After the often-brilliant if meandering and misunderstood Hear, My Dear, Marvin disappeared for awhile, first literally living as a beach bum in Hawaii and then fleeing to Europe (and away from the I.R.S.) for several years. His second marriage already in tatters, Marvin worked and then abandoned his Love Man album (Marvin: "who needed another record moanin' and bitchin' 'bout some woman?") before Motown released In Our Lifetime without Marvin's consent. Needless to say, Marvin was furious, vowing never to work with Motown again, as the impatient company (it had been three years since Marvin's last album - a long time back then - and four years since his last hit) among other things released "Far Cry" even though it was a far cry from being finished and forgot to include a question mark after the album's title (as in "is the world going to end in our lifetime?"). Indeed, for the first time in ages Marvin looked at the world around him (he really thought a nuclear disaster was forthcoming), but Janis and Jesus also still weigh heavily on his mind. Musically, in an attempt to keep up with the hot younger likes of Michael Jackson and Rick James, Marvin slicks up and modernizes his sound, which, like many '80s albums, ironically sounds dated today. His funkiest and most musically upbeat album to date, In Our Lifetime is rarely unpleasant to listen to, but few of its songs are likely to grab hold of you immediately, either. I'm still ambivalent about it even after many listens, appreciating Marvin's always confessional lyrics and of course his voice, but disappointed that the smooth, propulsive music isn't more memorable. Don't get me wrong, "Praise," "Love Party," and "Heavy Love Affair" deliver ear pleasing, danceable melodies, and there are other nice touches elsewhere (I like the guitar on "Love Me Now Or Love Me Later," for example), but there's a reason that this is Marvin's most often overlooked album. Perhaps Marvin would've molded these songs into something more focused and substantial had Motown let him, but they didn't, and though this solid album is still worthwhile for big fans, it was definitely his weakest effort since becoming an album oriented artist. Note: "Ego Tripping Out," a musically strong, lyrically amusing 7+ minute funk workout that was originally a flop single in 1979, leads off the reissued version of the album, bumping up the rating a notch.
Midnight Love (Columbia ’82) Rating: B+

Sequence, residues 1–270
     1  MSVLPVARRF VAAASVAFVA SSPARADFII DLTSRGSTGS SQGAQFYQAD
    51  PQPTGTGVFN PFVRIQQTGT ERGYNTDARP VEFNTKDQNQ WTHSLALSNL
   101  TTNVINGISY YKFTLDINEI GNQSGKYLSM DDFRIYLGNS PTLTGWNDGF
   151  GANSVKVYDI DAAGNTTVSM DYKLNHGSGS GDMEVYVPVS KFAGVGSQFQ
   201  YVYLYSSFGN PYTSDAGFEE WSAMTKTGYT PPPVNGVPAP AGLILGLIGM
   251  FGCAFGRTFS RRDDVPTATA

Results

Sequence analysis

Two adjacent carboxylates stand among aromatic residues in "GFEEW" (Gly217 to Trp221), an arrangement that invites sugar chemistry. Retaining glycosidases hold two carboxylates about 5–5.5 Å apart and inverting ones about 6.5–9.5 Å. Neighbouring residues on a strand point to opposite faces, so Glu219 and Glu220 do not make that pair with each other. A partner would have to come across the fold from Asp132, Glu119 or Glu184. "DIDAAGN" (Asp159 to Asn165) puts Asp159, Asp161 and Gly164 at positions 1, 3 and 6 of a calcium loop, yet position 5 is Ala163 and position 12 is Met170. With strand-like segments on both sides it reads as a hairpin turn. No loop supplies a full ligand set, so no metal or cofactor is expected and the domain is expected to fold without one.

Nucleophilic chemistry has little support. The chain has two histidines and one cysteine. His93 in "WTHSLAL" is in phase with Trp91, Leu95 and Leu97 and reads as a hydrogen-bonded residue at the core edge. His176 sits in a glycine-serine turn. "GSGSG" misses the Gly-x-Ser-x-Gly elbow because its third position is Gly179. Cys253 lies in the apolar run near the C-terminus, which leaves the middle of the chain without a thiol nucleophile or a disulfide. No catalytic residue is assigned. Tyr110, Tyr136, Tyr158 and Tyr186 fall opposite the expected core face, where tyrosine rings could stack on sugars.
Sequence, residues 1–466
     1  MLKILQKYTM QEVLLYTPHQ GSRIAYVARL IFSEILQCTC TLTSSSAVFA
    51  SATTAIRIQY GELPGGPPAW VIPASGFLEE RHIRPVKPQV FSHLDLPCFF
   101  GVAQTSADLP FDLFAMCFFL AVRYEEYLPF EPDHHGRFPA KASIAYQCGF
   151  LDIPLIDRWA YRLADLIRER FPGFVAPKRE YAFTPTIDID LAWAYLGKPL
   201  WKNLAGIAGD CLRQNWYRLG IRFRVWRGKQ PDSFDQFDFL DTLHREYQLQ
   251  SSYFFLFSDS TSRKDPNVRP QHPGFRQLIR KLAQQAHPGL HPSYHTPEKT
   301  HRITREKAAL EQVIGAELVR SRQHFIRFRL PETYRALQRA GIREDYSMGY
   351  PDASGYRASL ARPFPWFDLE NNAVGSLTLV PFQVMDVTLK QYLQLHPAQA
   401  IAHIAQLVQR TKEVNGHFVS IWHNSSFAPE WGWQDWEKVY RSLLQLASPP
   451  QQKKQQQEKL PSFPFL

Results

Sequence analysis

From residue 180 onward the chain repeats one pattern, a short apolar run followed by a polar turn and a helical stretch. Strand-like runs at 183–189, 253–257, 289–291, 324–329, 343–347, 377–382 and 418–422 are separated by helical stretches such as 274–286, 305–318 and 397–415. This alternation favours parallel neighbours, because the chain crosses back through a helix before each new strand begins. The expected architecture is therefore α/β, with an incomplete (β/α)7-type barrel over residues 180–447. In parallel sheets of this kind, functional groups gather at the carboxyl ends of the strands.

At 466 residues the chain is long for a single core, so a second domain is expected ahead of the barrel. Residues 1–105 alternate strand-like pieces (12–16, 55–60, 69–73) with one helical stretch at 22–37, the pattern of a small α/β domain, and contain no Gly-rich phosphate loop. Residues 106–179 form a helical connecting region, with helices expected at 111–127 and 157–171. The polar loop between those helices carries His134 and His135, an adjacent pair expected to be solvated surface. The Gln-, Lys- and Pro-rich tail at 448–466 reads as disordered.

After another tour and a new multi-million dollar deal with Columbia helped Marvin pay off some crippling debts, Gaye recorded Midnight Love, his “comeback album” produced by former mentor Harvey Fuqua. The critics embraced the album after savaging his previous ones, and it’s easy to see why, for Marvin, obviously looking for a hit (and feeling obligated to deliver one for the company who had just saved his ass), aims to please, with a thoroughly commercialized pop sound and lighter lyrics aimed for the party crowd rather than those inclined towards quiet introspection. He got his big hit with “Sexual Healing,” whose effortless reggae groove and smoothly catchy love man vocals went to #1 r&b/#3 pop, winning 2 Grammy Awards in the process and propelling Midnight Love past 2 million in sales. It was no “What’s Going On” or even “Let’s Get It On,” but the song was a classic of its type, though it’s easily the best track on a lyrically limited (sex and Janis, mostly) and musically flawed album. On the upbreat front, "Midnight Lady" is a funky Rick James influenced freakout that Marvin admitted was somewhat contrived, while "Rockin' After Midnight" is another fun booty shaker, even if its lyrics are again obviously about Janis ("gonna be in love with you 'till the end of my days"), who he could never quite shake (he resumed relations with Anna as well towards the end of his life!). So is "'Til Tomorrow," which musically is Marvin on autopilot despite a nice sax solo, while the merely so-so "Turn On Some Music" sees Marvin bragging about his sexual prowess, though in reality Marvin allegedly had "issues" in that area (hard to get too excited when it's all there for the taking, I guess). But I digress; "Third World Girl" is a touching tribute to Bob Marley, with a low-key, head bobbin' groove, while "Joy" exudes just that with some more agreeably funky pop. "My Love Is Waiting" begins by thanking contributors to the album (odd given that Marvin has been accused of not giving his collaborators proper credit in the past) and Jesus before settling into another pleasurably easy going groove, though like most of the songs here this one is likeable but doesn't leave a lasting impression. Repetitive and groove oriented, Midnight Love is a modestly pleasing album that heavily relies on propulsive dance beats, bright upbeat synths, and the all around instrumental prowess of Gordon Banks and Gaye himself. Though like In Our Lifetime few of the songs here are instantly memorable, and the synth and horn heavy sound is again overly slick and sanitized, this was a more easily graspable attempt at modernizing his sound. Alas, he would never get to build upon the success of Midnight Love. Rather than feeling reborn at his newfound good fortune, Marvin instead receded into his own increasingly paranoid, self-loathing world. He never could reconcile his hedonistic lifestyle with his strict religious principles, and the truth is that at the time of his death he was a miserable drug addict with a death wish. All too fittingly, the man with whom he always had such a terrible relationship (in part due to jealousy over Marvin’s extremely close relationship with his mother, who definitely coddled him) delivered the final blow, as, after a violent domestic dispute, Marvin Gaye’s life tragically ended with a shotgun blast at the hands of his father just before his 45th birthday.